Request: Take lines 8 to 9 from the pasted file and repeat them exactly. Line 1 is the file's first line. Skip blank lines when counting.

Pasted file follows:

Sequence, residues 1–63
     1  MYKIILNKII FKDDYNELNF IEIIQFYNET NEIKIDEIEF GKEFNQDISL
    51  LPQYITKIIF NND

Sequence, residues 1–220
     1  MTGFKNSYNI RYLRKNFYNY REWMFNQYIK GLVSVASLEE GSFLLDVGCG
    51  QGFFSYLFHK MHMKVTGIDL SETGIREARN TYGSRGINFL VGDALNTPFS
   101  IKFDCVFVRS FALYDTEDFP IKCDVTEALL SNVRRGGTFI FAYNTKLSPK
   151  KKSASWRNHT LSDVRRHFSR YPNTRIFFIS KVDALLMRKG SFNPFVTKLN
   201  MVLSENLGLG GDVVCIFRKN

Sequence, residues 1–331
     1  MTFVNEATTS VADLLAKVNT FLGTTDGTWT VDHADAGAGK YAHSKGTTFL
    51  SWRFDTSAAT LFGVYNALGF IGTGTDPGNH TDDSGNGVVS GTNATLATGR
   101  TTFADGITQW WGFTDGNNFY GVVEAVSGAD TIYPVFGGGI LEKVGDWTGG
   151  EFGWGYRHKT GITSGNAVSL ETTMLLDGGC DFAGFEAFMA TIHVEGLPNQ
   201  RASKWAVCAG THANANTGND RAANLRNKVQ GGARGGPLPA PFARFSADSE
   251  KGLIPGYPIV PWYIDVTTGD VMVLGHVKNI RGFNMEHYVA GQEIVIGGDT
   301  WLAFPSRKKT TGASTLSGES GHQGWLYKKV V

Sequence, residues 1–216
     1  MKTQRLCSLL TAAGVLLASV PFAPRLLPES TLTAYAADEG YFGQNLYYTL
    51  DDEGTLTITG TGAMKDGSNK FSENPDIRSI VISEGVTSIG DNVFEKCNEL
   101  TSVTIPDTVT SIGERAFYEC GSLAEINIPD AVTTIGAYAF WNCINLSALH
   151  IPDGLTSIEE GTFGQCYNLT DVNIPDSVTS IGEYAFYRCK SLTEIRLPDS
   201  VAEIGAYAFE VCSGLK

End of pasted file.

   151  KKSASWRNHT LSDVRRHFSR YPNTRIFFIS KVDALLMRKG SFNPFVTKLN
   201  MVLSENLGLG GDVVCIFRKN